The D.C. Council on Tuesday overwhelmingly rejected an attempt by its chair to depose two members of the D.C. Commission on the Arts and Humanities, after a wave of in-person and online protests rallied around the commissioners, Natalie Hopkinson and Cora Masters Barry.
The body voted on Tuesday to reconfirm Hopkinson and Barry to a second term, embracing a motion brought by Councilmember Robert White (D-at large), and delivering a blow to the chair, Phil Mendelson, who had largely been the sole advocate for their removal from the commission.
The sole dissenting vote was cast by Mendelson. Councilmember Mary Cheh (D-Ward 3), who voiced her displeasure with White’s legislative strategy to subvert the chairman’s decision, voted “present.”
The night before, the intersection of 14th and U Streets NW had been lit up by the sound of conga drums, heavy bass and the shouts of a go-go caller.
Don’t Mute DC — an organization championing the movement to protect D.C.’s cultural heritage from the tides of gentrification — had returned to the Reeves Center, as it often does, this time to speak out on behalf of Hopkinson, its cofounder, and Barry, the ex-wife of D.C.’s late “mayor for life,” Marion Barry.
The protest came in response to a statement Mendelson had released saying that he did not intend to allow a confirmation vote on their candidacies. Mendelson cited the two commissioners’ “divisiveness” and lack of popularity amongst other commissioners (whom they themselves have criticized) as his rationale for their exclusion. He also objected to Hopkinson’s depiction of the commission’s funding data, and what he called a conflict of interest on Barry’s part.
But activists were quick to underscore the subtext of Mendelson’s announcement — which, many saI’d, effectively amounted to one man’s attempt to silence two outspoken Black women who have been at the forefront of recent efforts to address racial inequities in the city’s arts funding policies.
Between music sets last night, the Rev. Graylan Scott Hagler took the mic to represent the D.C. chapter of the NAACP.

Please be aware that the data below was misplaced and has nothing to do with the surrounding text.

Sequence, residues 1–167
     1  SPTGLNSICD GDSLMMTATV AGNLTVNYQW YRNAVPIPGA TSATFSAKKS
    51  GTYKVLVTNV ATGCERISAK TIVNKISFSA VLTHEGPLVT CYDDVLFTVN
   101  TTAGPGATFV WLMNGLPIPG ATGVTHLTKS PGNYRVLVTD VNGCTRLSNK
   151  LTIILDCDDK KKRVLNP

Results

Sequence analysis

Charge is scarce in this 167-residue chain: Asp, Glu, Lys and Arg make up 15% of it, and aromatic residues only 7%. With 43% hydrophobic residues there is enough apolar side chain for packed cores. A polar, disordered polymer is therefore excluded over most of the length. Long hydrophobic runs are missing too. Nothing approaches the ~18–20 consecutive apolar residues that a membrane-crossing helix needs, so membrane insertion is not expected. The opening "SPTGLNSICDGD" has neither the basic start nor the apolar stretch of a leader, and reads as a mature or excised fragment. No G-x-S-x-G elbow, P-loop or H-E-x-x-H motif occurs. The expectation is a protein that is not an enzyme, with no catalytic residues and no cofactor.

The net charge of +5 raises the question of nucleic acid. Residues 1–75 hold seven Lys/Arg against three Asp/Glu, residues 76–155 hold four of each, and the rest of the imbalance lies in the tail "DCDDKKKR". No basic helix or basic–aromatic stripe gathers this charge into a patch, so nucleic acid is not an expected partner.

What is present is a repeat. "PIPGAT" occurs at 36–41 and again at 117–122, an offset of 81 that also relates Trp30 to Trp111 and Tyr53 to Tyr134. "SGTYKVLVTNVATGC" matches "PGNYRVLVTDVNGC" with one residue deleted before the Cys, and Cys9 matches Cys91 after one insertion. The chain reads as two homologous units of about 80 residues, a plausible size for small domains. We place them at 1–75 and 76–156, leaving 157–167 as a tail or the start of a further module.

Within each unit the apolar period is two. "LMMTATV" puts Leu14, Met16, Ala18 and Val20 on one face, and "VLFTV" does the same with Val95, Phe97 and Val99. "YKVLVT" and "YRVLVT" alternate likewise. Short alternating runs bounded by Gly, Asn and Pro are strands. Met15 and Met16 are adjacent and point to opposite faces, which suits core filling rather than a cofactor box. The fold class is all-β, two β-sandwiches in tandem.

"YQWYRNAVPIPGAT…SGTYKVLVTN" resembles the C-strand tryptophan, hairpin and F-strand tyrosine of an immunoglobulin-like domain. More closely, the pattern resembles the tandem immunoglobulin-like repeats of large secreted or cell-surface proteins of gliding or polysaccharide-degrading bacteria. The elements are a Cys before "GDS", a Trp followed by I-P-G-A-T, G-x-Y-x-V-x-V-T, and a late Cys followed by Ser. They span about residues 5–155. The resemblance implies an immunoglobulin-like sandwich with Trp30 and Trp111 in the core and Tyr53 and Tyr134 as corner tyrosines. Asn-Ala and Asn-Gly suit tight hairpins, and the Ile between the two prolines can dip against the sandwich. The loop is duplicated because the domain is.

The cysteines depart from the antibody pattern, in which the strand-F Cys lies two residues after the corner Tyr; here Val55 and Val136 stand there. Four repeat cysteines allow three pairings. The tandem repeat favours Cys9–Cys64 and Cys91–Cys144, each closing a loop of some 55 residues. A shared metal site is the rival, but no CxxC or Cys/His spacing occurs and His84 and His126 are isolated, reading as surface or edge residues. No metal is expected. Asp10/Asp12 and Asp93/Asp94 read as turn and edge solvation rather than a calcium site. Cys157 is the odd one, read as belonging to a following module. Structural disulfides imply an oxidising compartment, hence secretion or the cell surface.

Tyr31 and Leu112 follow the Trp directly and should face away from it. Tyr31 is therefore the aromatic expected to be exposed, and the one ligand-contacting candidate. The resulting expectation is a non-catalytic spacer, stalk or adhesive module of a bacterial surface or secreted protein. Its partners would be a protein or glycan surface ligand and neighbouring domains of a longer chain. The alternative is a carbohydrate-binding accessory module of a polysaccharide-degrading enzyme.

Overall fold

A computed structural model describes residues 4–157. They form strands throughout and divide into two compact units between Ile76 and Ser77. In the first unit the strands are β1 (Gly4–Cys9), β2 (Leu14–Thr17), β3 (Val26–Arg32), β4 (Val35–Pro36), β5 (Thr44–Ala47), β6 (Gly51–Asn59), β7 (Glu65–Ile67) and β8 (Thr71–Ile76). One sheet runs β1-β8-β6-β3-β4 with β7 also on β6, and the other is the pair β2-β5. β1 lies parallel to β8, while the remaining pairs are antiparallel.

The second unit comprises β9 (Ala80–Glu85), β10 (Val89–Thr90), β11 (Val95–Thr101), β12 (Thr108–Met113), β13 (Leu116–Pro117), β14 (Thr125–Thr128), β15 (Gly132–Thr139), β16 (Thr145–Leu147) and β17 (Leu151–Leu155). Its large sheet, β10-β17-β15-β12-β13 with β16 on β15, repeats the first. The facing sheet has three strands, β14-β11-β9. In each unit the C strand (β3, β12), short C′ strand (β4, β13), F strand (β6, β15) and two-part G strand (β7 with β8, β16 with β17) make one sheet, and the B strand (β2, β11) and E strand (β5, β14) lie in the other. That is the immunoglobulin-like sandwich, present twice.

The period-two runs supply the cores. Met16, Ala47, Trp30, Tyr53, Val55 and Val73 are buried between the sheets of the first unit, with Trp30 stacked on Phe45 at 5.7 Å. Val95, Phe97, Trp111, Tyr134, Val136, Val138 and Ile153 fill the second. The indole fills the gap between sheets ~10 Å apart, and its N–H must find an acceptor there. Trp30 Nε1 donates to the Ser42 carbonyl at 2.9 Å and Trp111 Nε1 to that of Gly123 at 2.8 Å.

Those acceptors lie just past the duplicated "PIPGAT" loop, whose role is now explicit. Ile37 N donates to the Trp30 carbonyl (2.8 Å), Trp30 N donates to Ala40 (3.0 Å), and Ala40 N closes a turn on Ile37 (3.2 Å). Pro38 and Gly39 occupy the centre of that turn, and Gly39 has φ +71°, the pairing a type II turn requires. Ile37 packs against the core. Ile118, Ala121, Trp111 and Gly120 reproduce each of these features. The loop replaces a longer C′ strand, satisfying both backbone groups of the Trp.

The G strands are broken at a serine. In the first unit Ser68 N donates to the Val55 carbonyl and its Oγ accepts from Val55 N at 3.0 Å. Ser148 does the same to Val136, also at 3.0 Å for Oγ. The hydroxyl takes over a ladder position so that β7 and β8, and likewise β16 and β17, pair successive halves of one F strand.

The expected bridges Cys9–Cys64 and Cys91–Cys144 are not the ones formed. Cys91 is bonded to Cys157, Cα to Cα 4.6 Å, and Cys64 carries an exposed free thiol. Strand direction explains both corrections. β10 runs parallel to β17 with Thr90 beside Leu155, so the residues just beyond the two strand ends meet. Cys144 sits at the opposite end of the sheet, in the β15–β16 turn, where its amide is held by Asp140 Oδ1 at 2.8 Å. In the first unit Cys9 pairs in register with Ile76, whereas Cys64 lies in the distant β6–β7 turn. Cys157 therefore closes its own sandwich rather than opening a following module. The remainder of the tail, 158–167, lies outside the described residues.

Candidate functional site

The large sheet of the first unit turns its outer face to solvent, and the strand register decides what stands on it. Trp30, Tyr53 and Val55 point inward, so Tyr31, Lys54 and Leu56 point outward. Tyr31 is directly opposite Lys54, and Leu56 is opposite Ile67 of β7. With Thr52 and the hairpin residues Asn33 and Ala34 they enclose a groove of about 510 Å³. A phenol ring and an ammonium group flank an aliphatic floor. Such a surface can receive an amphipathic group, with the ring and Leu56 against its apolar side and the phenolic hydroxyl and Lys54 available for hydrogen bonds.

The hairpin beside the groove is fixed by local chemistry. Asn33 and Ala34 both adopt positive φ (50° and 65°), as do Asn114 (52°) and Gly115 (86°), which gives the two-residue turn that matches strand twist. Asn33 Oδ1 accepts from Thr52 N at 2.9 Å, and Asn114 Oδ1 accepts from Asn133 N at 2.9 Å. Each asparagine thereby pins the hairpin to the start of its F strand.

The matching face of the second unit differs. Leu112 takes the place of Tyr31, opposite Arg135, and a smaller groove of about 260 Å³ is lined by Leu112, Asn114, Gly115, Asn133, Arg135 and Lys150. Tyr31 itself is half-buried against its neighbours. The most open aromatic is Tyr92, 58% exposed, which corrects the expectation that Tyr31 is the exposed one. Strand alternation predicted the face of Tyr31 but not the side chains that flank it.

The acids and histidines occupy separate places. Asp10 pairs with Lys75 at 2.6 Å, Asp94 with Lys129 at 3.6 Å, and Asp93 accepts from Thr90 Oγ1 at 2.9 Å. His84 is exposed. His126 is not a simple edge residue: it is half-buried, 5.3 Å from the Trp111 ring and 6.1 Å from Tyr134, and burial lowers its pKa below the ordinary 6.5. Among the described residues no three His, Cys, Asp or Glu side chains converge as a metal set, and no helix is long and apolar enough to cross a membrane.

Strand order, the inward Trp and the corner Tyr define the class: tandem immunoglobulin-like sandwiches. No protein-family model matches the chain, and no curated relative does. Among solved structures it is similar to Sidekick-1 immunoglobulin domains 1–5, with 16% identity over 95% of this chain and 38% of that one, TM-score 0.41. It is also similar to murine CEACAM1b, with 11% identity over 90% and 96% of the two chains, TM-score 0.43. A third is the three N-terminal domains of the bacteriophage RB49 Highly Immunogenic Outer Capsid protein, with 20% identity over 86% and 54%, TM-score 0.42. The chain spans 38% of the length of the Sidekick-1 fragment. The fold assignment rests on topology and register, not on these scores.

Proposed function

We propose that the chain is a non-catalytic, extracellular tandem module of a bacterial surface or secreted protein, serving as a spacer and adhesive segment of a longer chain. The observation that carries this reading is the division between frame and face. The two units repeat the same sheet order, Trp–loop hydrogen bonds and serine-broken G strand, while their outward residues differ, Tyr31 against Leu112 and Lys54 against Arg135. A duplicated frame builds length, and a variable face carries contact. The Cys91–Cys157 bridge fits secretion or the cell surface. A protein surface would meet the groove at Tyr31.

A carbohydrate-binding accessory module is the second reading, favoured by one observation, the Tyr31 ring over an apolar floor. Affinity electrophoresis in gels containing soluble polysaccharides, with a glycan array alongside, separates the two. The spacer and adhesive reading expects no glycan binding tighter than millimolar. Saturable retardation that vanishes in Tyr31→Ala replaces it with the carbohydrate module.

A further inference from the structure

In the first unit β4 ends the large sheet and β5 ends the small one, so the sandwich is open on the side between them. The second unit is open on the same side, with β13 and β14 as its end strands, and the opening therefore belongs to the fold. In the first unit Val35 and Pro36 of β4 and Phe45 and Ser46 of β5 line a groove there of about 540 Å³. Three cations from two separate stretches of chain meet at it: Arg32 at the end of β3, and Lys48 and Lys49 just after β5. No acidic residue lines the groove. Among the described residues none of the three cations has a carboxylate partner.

“Anybody who runs for chair of the council, or runs for any position, got to respect the Black community,” he said. “Yes, we’re talking about racial perspective, because that’s the way they treat us, without ever naming it. They go ahead and do it to us by policy, by economics,” he added, “but we need to call it what it is.” The crowd roared in response.
Mayor Muriel Bowser nominated Hopkinson and Barry for reappointment along with two other commissioners, Kymber Lovett-Menkiti and Gretchen Wharton, whose terms were also expiring. To many observers, Mendelson’s unilateral exclusion of Hopkinson and Barry was striking — and it’s been met with a strong pushback from advocates in both cultural and political spheres. Those advocates include councilmember and mayoral candidate Robert White, who plans to introduce an emergency bill today to approve the nominations of both women over Mendelson’s objection, and members of the DMV Music Stakeholders coalition (a group to which this writer belongs), which released a letter today in support of Hopkinson and Barry’s confirmation.
Over the past year, Hopkinson and Barry have established themselves as outspoken voices on the commission. Hopkinson posted an article on Medium earlier this year that sparked broad discussion, calling the commission a “white supremacist mess” in which grant funds are disbursed inequitably among wards, and in ways that reinstill racial inequalities. Hopkinson has described this as a form of artistic and cultural “redlining.”
Her and Barry’s advocacy is part of a larger, ongoing reckoning at the DCCAH around issues of diversity, inclusion and justice, including the assembly of a task force to directly scrutinize the commission’s structure and operations and to provide recommendations for adjustments, which would be implemented by the commission’s new chairman, Reggie Van Lee.
Councilmembers Robert White, Trayon White (D-Ward 8), Elissa Silverman (D-at large), Kenyan McDuffie (D-Ward 5), and Vincent Gray (D-Ward 7), Christina Henderson (D-at large) and Anita Bonds (D-at large) took extra time at the proceedings on Tuesday to voice their support of Hopkinson and Barry, with sentiments generally focusing on the importance of equity in the future of the DCCAH.
Robert White noted that, “whether intentional or not,” Mendelson’s decision “sends the message that if you’re disruptive, you’re wrong.”